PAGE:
1 Tetang hated the bag and had once attempted to chuck it away but Minna had clutched
onto it as if her life depended on it. Here she was wishing Tetang had succeeded for she
was finding it difficult to get to the money compartment. When she at last got there, it was
empty. That had never happened before and all of a sudden she thought one of the
passengers had thrust a hand in her bag. She should check carefully first before throwing
any accusations. The passengers were already eyeing her with frosty looks and she just knew
the slightest false move on her part would lead to another world war.
She had always made it a point of holding the coins in her hand before stepping into
the taxi. Such an error had never happened before. She had always been a disciplined
person. It was Ma that had caused her to forget the routine. She made a quiet curse as she
kept groping for the money.
Minna could feel her watch ticking away right in the centre of brains, sending waves of
panic through her. The other passengers and the driver watched on with mounting
impatience as she battled feverishly for the taxi fare. Just a hundred francs! How was she
behaving like one who was entering a taxi for the first time? It was not like her to keep
probably busy people waiting in a taxi. If only she knew, she would have asked her husband
to come and pick her up. Such a disgrace!
The driver started hooting the horn in anger. That caused curious passers-by to stop
and watch. Even some primary school pupils who were playing on the green field below the
church, also stopped to watch. This sparked further chaos on Minna’s nerves. She tore the
lining from one compartment to the other until her hand went right down to the rough
leather bottom of the bag. She touched something round and metallic. Her heart kicked
with excitement. She snatched it and pulled it out with great hope. Great was her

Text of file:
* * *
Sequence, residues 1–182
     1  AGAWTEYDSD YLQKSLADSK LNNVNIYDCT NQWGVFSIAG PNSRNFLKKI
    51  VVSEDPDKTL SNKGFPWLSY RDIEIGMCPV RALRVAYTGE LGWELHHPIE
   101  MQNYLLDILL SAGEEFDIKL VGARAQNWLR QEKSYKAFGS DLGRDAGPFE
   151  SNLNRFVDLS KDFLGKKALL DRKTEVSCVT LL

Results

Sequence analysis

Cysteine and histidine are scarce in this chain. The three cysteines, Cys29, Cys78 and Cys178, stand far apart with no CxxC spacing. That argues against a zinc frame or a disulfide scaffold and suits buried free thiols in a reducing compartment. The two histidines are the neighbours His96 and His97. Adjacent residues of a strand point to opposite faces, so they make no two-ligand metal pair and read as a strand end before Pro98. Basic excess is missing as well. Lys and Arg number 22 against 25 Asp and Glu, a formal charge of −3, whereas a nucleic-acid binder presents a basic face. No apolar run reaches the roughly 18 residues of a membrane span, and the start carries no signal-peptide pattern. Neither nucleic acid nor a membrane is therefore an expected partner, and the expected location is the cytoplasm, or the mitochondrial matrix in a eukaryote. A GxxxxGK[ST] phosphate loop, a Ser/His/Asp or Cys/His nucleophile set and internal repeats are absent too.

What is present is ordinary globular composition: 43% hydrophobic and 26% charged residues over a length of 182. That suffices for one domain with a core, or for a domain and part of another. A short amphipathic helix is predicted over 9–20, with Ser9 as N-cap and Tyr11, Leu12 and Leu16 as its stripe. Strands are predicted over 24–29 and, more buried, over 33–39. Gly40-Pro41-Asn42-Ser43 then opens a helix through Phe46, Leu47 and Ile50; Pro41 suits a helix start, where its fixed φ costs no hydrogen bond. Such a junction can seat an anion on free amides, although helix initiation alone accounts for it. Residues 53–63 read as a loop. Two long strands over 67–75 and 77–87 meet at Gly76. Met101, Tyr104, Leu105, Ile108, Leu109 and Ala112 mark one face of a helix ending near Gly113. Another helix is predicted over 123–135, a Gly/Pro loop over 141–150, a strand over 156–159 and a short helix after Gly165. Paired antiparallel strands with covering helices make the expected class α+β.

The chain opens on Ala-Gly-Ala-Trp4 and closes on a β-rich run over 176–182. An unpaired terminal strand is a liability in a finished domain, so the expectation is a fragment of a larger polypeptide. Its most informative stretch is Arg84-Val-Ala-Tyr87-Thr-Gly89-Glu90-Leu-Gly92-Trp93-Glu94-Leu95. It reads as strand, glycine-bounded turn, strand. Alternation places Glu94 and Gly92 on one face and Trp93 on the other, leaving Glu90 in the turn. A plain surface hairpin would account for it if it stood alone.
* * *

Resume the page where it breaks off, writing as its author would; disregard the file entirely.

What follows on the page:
disappointment when it turned out to be the lid of a bottle of lotion that formed part of her
cosmetic artillery. Some four men who had gathered around burst out laughing.
‘Be patient driver,’ begged Minna, her whole body shaking. ‘I am truly sorry. The
money is somewhere in here.’
‘Tief thing,’ roared the driver. ‘Big woman like you playing games like a common rascal.’
‘Believe me, it’s here. Somewhere.’
‘Stop pretending, dis woman,’ one of the passengers, a big woman in a flashy boubou
said in contempt. ‘Call yourself a teacher and you cannot pay a simple taxi fare. Teacher my
foot. The people in whom we entrust the future of our children.’ She spat out of the
window and it landed by Minna’s feet.
How did the woman know she was a teacher? Minna wanted to protest and curse at the
same time but the breath was cut out of her by the next action of the woman. The woman
waved a five hundred francs note and handed it to the driver. ‘That’s for your fare and our
time that you have wasted. You should be ashamed of yourself.’
Minna thought it was all a joke. She a charity case? Did she look like a poor, miserable
woman? She kept fumbling for her own money. Minna’s hand finally surfaced with money
only when the driver had ignited his car. It was a thousand francs note. ‘No need for that,’
she said to the woman and tried to grab at the frame of the driver’s door. But the car was
too fast for her and she made some stumbling steps after the car before regaining her
balance. She held the note in front of her, feeling guilt, anger and embarrassment all at
once. They had misjudged her just as her Ma had always misjudged her.
As she was about to put the money back into her treacherous bag, it was snatched out
of her hand with such suddenness that she almost did not feel it. ‘Thief,’ she shouted
almost as an afterthought and would have run after him across the road had there not
suddenly appeared a long line of vehicles. Even her voice was lost in the cacophony of
traffic. No law-abiding man could hear and go after the thief for her sake. She stood and
watched helplessly as the thief vanished behind the houses across the road. When she
turned around, the men who had gathered to witness the show exploded in laughter.
Accomplices, Minna concluded but did not know what to do.
2